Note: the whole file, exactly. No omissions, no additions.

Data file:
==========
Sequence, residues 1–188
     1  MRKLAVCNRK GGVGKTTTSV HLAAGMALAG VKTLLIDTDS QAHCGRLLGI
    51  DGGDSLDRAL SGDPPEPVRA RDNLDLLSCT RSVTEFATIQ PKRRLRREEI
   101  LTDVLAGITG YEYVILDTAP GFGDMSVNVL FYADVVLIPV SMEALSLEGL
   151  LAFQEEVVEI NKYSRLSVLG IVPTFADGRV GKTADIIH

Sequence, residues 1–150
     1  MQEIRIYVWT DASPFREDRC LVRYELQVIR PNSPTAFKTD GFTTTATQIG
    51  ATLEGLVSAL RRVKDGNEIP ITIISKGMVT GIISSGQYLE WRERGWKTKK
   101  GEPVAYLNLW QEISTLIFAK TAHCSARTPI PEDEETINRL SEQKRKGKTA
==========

Sequence, residues 1–188
     1  MRKLAVCNRK GGVGKTTTSV HLAAGMALAG VKTLLIDTDS QAHCGRLLGI
    51  DGGDSLDRAL SGDPPEPVRA RDNLDLLSCT RSVTEFATIQ PKRRLRREEI
   101  LTDVLAGITG YEYVILDTAP GFGDMSVNVL FYADVVLIPV SMEALSLEGL
   151  LAFQEEVVEI NKYSRLSVLG IVPTFADGRV GKTADIIH

Sequence, residues 1–150
     1  MQEIRIYVWT DASPFREDRC LVRYELQVIR PNSPTAFKTD GFTTTATQIG
    51  ATLEGLVSAL RRVKDGNEIP ITIISKGMVT GIISSGQYLE WRERGWKTKK
   101  GEPVAYLNLW QEISTLIFAK TAHCSARTPI PEDEETINRL SEQKRKGKTA